ER? repurposes EZH2 to suppress oncogenic NF?B signaling in TNBC

Project: Research project

Project Details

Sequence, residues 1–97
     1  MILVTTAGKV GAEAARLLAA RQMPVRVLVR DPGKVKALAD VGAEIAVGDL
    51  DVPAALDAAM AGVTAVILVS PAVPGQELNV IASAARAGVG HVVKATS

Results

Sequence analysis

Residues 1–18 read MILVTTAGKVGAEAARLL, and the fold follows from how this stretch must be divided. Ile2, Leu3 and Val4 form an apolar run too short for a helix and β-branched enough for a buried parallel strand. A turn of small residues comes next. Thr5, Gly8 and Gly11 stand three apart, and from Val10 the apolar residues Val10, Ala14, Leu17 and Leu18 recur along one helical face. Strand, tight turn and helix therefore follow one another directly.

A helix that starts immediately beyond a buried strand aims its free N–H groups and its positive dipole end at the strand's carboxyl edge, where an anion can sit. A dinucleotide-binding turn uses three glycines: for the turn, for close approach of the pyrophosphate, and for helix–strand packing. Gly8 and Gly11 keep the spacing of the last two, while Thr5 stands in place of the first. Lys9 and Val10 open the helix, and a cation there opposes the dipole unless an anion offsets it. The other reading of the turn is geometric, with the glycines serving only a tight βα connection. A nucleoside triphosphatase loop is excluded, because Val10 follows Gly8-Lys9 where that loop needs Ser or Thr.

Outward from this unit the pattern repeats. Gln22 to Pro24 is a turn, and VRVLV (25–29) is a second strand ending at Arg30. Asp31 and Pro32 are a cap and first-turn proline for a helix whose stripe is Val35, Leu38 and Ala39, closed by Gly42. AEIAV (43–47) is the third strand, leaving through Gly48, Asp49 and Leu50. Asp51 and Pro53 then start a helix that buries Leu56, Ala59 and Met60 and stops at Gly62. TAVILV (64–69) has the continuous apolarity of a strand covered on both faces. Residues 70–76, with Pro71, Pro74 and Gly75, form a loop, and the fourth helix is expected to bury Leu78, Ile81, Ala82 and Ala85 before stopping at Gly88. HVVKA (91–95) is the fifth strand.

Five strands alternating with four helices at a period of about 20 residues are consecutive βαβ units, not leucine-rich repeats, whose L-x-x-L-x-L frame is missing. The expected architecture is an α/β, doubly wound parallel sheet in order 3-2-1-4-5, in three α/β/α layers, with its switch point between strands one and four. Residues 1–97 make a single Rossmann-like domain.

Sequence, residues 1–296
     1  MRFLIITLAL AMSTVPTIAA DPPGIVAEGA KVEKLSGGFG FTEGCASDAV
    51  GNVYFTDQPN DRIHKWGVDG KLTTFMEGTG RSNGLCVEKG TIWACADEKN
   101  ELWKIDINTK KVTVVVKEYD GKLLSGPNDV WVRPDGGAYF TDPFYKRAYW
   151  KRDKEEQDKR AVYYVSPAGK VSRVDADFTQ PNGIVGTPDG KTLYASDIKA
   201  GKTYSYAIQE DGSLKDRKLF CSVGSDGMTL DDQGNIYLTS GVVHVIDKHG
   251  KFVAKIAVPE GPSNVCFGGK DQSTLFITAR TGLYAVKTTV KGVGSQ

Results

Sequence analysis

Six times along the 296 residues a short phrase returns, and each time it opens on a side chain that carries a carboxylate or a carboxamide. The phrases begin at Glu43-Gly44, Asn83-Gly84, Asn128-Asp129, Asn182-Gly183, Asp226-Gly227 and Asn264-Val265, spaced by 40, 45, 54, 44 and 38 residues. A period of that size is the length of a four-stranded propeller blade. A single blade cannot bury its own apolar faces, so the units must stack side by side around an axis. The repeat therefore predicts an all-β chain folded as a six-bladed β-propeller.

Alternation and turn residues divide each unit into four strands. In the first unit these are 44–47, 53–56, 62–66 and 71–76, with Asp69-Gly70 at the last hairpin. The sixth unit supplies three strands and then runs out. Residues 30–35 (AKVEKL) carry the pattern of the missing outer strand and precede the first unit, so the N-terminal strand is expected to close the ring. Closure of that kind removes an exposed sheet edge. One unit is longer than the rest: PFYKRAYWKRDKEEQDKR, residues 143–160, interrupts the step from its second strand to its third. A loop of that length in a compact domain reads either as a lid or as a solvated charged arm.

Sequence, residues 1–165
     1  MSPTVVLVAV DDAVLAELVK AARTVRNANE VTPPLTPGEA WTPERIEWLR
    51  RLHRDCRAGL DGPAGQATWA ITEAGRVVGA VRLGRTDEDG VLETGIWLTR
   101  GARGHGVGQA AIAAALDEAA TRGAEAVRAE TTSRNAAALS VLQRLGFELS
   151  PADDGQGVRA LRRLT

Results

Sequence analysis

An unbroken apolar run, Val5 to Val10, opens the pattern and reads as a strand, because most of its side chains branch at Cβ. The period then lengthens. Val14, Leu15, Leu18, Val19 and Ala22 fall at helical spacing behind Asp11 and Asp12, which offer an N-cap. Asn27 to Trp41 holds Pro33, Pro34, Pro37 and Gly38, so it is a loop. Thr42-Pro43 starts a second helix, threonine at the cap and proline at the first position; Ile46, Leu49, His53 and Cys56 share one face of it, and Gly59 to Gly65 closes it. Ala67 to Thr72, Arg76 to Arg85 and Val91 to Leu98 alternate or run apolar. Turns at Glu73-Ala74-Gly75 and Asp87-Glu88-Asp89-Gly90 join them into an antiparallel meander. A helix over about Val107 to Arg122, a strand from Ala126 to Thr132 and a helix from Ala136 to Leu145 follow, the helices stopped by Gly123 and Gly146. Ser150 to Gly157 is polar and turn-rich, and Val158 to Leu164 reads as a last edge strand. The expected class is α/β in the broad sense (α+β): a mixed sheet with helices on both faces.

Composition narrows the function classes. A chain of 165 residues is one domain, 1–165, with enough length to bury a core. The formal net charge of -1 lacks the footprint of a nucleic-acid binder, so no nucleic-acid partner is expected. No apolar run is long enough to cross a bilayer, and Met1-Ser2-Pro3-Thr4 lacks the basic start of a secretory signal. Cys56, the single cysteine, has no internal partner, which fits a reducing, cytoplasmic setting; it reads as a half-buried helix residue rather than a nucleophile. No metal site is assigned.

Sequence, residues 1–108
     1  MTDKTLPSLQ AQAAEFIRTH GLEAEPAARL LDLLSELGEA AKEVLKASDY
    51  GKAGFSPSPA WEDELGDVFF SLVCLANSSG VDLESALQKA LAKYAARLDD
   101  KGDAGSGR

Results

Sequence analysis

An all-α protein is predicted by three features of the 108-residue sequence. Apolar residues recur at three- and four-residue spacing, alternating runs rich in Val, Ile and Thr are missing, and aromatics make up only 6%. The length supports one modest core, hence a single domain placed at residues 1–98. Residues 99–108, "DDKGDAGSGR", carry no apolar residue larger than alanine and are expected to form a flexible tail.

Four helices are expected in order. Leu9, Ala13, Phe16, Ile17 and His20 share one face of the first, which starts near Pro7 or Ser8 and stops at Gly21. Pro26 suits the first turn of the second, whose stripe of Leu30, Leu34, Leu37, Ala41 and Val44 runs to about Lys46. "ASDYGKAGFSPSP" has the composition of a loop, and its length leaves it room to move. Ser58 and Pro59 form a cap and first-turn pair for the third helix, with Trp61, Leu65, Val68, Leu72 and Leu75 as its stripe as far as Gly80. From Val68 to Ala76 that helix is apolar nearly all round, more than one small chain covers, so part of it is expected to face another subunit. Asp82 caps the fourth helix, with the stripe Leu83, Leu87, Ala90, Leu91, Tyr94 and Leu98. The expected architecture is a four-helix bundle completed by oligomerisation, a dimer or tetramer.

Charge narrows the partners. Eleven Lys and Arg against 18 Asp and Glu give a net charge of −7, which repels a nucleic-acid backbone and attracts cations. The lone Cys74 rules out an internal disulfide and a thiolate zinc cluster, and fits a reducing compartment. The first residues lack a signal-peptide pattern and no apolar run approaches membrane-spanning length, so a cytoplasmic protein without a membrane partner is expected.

PROJECT SUMMARY/ABSTRACT Breast cancer remains the most commonly diagnosed cancer in women and is the second leading cause of cancer-related deaths among women. Triple Negative Breast Cancer (TNBC) affects approximately 15-20% of all breast cancer patients, is the most aggressive sub-type of breast cancer and accounts for a disproportionately higher fraction of cancer-related morbidities and mortalities. Treatment options are extremely limited for TNBC patients and the most commonly employed neoadjuvant and adjuvant chemotherapy drugs have existed for decades. De novo and acquired chemotherapy resistance remains a major problem and disease recurrence results in breast cancer-related death for the large majority of patients. Further complicating the clinical management of TNBC is the lack of FDA-approved targeted therapies that can be utilized to prevent disease recurrence in the adjuvant setting. Thus, the identification and validation of novel drug targets and more effective treatment options continues to represent a major unmet clinical need. We have demonstrated that Estrogen Receptor Beta (ER?) is expressed in approximately 20% of TNBCs, and have shown that patients with ER? positive tumors have improved long-term prognosis. In addition, we have shown that ligand-mediated activation of ER? by estradiol, or ER? selective agonists, inhibits TNBC cell line and patient derived xenograft proliferation, invasion, and migration in vitro, as well as primary tumor growth and metastatic spread in vivo. Importantly, we provide the first evidence that estradiol can elicit clinical benefit in a patient with ER? positive metastatic and chemo-refractory TNBC. Mechanistically, we demonstrate that ER? potently suppresses the nuclear factor kappa B (NF?B) pathway in TNBC cells, effects that are mediated through association of ER? with EZH2/PRC2 leading to epigenetic modifications to histone residues at NF?B target gene loci. Furthermore, we have demonstrated that ER? modifies chemotherapy responsiveness of TNBC cell line models and patient derived organoids and inhibits chemo-resistant cell lines. Based on these data, the central hypothesis of this proposal is that ER? repurposes EZH2 to inhibit NF?B signaling in TNBC thereby eliciting anti-cancer effects and enhancing chemotherapeutic responsiveness. To test this hypothesis, the following Specific Aims are proposed: 1). Determine the molecular mechanisms by which ER? suppresses NF?B signaling in TNBC and 2). Elucidate the biological importance and clinical significance of ER?-mediated suppression of NF?B signaling in TNBC using novel genetically engineered mice, PDX/PDO models and patient specimens. To conduct these Aims, we will utilize multiple model systems, innovative approaches and molecular tools, to comprehensively address our focused hypothesis. Given the extremely poor outcomes in women with TNBC, the proposed studies are of critical importance towards the goal of improving treatment strategies to more effectively manage this disease.
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